Girl is, if our count is correct, Edna O’Brien’s eighteenth novel; she’s also written eight story collections (plus a ‘selected’ volume), not to mention her play-scripts, poetry, books for children, essay collections and works of literary criticism. Despite her phenomenal output, however, she remains best known for her debut novel, The Country Girls, which caused no end of scandal when it was first published in 1960: along with its two sequels, it was banned by the Irish censorship board for its criticism of the state’s repressive Catholic regime (in particular, its attitude to female sexuality). Almost sixty years later, O’Brien’s concerns haven’t changed – she’s still acutely interested in the social impact of religious and/or state ideologies, particularly concerning gender, sexuality, and power, upon ordinary communities.
So: context. In April 2014, 276 schoolgirls aged between sixteen and eighteen were kidnapped from the Government Secondary School in the predominantly Christian town of Chibok, north-eastern Nigeria, by armed members of the Jihadist terrorist organisation known since 2015 as the Islamic State in West Africa, but before that popularly referred to as Boko Haram. The Nigerian government’s response was – and is – widely criticised by the children’s parents as being inadequate; Nigeria’s own armed forces confirmed Amnesty International’s claim that the military had had several hours’ advance warning of the attack, but failed – allegedly due to an inability to mobile reinforcements – to react. Over the next months and years, many of the girls escaped or were released following protracted negotiations and ransom payments; their reports included accounts of multiple rapes, beatings, and killings; forced marriages to militants; forced conversions to Islam; and the selling of their peers into slavery. As of 2019, 112 of the victims remain missing. Girl, then, is O’Brien’s treatment of these events; it is, as you might imagine, a very difficult read.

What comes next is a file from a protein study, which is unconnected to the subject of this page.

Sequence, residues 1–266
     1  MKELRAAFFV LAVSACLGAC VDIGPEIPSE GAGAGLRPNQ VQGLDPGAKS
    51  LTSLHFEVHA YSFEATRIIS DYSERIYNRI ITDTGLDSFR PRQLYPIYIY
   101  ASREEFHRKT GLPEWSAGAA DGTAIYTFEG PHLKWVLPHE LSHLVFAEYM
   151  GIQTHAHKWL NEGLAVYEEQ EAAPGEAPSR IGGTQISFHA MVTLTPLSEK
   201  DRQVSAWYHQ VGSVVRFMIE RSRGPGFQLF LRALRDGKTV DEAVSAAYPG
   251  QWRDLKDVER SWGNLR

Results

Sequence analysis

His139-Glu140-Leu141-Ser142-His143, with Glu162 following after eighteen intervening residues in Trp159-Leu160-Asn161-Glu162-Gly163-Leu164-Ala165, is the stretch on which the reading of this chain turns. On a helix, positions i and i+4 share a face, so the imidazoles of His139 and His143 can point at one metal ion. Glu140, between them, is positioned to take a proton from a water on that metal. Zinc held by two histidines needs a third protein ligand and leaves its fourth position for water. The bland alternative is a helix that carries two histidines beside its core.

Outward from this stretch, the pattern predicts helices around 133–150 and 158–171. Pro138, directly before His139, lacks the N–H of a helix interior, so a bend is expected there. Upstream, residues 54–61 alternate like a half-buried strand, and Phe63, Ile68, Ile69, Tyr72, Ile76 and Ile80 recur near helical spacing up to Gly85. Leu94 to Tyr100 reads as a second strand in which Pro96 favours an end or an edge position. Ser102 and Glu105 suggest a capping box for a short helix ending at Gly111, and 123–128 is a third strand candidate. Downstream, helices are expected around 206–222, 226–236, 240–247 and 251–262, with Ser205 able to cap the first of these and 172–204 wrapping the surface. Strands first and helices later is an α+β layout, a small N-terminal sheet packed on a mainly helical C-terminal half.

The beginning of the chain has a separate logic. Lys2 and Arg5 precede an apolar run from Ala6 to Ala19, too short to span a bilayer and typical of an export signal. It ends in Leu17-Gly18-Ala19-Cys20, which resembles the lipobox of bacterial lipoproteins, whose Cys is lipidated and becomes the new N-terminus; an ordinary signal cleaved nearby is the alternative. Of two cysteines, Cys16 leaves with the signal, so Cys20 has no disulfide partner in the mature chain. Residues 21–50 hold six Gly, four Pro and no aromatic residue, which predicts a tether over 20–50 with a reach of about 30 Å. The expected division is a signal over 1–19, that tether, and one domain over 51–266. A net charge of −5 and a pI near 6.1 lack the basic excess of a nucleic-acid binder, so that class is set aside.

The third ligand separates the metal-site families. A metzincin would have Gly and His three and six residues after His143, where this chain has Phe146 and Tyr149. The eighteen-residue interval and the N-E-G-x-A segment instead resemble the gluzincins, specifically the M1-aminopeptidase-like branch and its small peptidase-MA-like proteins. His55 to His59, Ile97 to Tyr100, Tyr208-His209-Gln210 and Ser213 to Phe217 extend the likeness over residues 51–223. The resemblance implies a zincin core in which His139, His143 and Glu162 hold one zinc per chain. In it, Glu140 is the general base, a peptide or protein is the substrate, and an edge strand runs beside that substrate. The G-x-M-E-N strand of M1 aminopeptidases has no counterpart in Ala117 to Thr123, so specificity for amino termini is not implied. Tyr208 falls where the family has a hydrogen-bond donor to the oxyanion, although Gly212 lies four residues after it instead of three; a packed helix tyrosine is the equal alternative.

Maryam, O’Brien’s first-person narrator, is the titular girl, one of the kidnapped students. The novel opens with ‘the sudden pah-pah of gunshot in our dormitory’, and we follow Maryam as she’s transported to the militants’ encampment. We witness – as Maryam undergoes it – the institutionalised multiple and mass rapes of children and young women; we see the plastic bucket placed underneath the table upon which they’re placed in order to catch the girls’ blood as the watching men ‘bay and scream’. We see the Blue House – a black and windowless shed – where the girls are laid out for the men ‘before battle, to get them fired up, so that they set forth, sated and battle-maddened’. We see girls sold as wives to prominent Jihadists; we Maryam married off to a young man who was himself taken and conscripted, and forced to kill his own cousin. We see Maryam – now a mother – escape with her infant daughter, Babby, and flee in terror across a country where people, including her own family, are afraid to help a militant’s wife, no matter what has happened to her. We see her own child rejected by her family and removed from her, lest Babby grow up a Jihadist like her father – no matter that her father, too, was a victim. We see, too, hope – people (both Christian and Muslim) who help Maryam and Babby, but though we see them survive, this is neither a survival narrative nor a redemptive account of human triumph over adversity; rather, it’s testimonial: it’s a laying bare of the reality of lives lived, and lived now, under the shadow of IS.